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Re: HEDGEFUNDIE's excellent adventure Part II: The next journey

Post by jarjarM »

Semantics wrote: Wed Jul 29, 2020 10:59 am
Thereum wrote: Tue Jul 28, 2020 4:29 pm Shorting leveraged inverse ETFs gives much better results than going long leveraged ETFs. (E.g. shorting SQQQ is better than going long TQQQ; shorting SPXU is better than going long UPRO.)
It sounds like you know what you are doing, but this is a very dangerous idea for most people. First, in he US you can't short in an IRA - if for some reason your broker allows it, the IRS may decide that the account is no longer an IRA. So it needs to be done in a taxable account. But that means you will pay short term capital gains when you close any positions. You will also have to maintain enough margin in the account, otherwise you'll get liquidated (and pay STCG tax if there are any gains left).

I'm not a seasoned short seller, but as far as I know, minimum margin for a short position is 125% of the market value, and 150% initially so let's use that figure because you'll be shorting more shares on a regular basis. So the short positions can make up at most 1/1.5 = 67% of your portfolio, assuming you maintain the market value of the short positions in cash, to avoid borrowing a highly volatile to buy other volatile assets. If the adventure grows to be most of your portfolio, which is the hope, you'll therefore to maintain at least 33% of it in the non-leveraged ETFs. But it can't just be 33%, because you'll also need to have enough margin buffer to withstand dips in the market and not get liquidated. In March, SPXU increased by over 240%. Thus you would have needed 240%*0.33 = 79.2% of your portfolio to be in long securities. If 45% of that is TMF, that leaves 34.2% for UPRO. But wait, the long position itself had at least a 14% drawdown (using PV monthly data -- the daily drawdown was likely worse). So you actually would have needed more like 85% of your portfolio in long securities. So you can't really safely hold much of the adventure in short positions at all. And that's March 2020. In 2008 it would have been much worse.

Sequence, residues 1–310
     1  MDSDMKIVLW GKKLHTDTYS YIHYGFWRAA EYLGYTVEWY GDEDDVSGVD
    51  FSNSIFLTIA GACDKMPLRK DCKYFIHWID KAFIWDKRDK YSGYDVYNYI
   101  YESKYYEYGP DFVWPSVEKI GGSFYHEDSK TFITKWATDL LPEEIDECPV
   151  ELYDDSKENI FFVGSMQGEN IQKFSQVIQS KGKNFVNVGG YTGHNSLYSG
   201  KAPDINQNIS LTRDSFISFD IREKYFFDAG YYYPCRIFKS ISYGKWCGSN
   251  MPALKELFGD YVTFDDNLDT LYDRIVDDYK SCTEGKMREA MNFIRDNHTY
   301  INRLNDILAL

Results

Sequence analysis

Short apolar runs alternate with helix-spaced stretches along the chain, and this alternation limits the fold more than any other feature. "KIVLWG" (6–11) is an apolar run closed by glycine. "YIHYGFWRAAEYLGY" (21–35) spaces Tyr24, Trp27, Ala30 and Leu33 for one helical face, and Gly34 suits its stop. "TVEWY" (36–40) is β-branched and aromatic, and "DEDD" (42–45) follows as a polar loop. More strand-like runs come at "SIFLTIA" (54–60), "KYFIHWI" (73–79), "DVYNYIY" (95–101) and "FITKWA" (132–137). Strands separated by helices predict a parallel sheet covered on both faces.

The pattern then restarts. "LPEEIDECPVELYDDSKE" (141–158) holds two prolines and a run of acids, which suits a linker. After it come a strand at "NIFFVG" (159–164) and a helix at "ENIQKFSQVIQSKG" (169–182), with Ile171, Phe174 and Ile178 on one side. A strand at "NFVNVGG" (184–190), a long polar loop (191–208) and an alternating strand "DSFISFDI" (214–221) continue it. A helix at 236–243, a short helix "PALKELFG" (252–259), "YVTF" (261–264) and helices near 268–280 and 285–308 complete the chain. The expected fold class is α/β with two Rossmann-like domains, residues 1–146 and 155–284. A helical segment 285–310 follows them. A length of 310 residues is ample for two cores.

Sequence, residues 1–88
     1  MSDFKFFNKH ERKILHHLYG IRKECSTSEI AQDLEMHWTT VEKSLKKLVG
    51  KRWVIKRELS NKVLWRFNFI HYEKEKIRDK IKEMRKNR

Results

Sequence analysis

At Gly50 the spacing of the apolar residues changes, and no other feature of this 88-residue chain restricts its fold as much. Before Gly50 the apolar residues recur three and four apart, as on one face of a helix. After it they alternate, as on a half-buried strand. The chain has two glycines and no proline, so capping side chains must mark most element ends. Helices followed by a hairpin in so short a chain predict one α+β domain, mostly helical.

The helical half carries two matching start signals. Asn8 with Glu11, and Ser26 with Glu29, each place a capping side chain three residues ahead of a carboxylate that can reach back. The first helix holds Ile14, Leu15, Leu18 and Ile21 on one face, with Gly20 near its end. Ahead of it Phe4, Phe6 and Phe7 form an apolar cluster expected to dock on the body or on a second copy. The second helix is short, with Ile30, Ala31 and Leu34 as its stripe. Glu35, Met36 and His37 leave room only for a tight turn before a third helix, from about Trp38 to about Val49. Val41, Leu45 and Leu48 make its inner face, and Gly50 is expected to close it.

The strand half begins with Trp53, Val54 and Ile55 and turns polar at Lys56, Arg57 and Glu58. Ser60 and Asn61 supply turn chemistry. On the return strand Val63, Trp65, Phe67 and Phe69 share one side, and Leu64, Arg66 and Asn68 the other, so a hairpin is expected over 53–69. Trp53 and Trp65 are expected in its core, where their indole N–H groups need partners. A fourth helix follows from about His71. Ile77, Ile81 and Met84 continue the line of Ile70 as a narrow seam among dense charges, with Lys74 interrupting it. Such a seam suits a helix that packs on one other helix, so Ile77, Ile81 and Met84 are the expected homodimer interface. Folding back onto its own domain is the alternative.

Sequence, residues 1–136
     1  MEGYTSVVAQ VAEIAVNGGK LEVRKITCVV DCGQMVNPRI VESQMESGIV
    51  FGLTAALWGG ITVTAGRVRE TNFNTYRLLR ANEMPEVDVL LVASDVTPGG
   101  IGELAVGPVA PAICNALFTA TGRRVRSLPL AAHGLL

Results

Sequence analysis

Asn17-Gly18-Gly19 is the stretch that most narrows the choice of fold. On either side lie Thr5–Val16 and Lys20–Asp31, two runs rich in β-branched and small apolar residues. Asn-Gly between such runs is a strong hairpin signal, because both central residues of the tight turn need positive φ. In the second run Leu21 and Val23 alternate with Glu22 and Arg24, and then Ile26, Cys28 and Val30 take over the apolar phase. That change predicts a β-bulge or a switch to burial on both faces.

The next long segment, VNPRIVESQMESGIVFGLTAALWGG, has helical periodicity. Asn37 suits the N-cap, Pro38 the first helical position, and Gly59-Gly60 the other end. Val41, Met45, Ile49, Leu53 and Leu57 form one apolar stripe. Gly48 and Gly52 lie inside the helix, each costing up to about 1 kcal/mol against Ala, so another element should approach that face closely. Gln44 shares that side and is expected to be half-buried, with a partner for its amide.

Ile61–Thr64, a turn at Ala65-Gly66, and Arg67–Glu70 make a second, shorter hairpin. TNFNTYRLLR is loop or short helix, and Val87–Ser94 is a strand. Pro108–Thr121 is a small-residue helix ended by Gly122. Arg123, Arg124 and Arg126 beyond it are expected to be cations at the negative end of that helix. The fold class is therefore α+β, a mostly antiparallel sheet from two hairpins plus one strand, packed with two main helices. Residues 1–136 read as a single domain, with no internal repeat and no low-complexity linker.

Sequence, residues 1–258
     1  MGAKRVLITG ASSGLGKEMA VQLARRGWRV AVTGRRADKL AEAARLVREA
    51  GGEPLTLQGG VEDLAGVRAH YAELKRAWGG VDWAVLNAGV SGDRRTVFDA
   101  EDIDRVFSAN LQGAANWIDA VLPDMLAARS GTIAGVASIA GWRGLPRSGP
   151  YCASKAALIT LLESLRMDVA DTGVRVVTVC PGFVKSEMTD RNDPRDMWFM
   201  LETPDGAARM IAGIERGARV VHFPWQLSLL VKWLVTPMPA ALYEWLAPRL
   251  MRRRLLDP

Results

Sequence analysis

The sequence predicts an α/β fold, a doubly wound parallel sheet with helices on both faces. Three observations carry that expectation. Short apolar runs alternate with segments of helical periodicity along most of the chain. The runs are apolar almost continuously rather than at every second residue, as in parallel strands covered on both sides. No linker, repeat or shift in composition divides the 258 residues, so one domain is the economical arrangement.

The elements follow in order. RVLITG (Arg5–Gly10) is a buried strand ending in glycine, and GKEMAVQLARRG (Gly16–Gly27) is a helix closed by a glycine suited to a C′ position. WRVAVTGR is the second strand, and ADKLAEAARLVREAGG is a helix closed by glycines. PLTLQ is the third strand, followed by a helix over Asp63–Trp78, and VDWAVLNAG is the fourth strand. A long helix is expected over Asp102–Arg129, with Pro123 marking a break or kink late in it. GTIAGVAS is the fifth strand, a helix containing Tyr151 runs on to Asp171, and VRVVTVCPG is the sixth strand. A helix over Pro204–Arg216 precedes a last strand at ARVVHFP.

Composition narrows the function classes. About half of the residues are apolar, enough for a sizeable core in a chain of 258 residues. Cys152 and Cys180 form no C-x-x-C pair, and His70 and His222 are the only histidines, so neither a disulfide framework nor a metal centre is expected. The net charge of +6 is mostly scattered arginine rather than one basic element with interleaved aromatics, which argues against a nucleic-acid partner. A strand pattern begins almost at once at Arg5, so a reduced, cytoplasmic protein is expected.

Of course, the margin call problem can be mitigated somewhat by aggressive rebalancing or switching up the allocation any time there's a major downturn. But then the short term capital gains taxes start eating up any wins from using this strategy. You also run the risk that the shares don't at some point become harder to borrow or interest rates rise, and borrowing fees start to outweigh the extra returns (though, at least you could somewhat offset that by holding the proceeds of the short sale in a safe bond fund). It also does have the benefit that as long as you maintain the short positions you are deferring taxes on the proceeds and can redeploy that capital.

Please let me know if I'm missing anything. This sounds good in theory, but almost impossible to sustain in more than a small fraction of your overall portfolio. It might be a nice way to run things while the adventure is small though (e.g. the recommended 5% or less).

TL;DR - there's a good reason there are shares available to borrow to short sell. The returns are, on paper, are better with this strategy, but picking up pennies in front of a steam roller, no free lunch, and so forth. Someone's going to blow up their portfolio using this.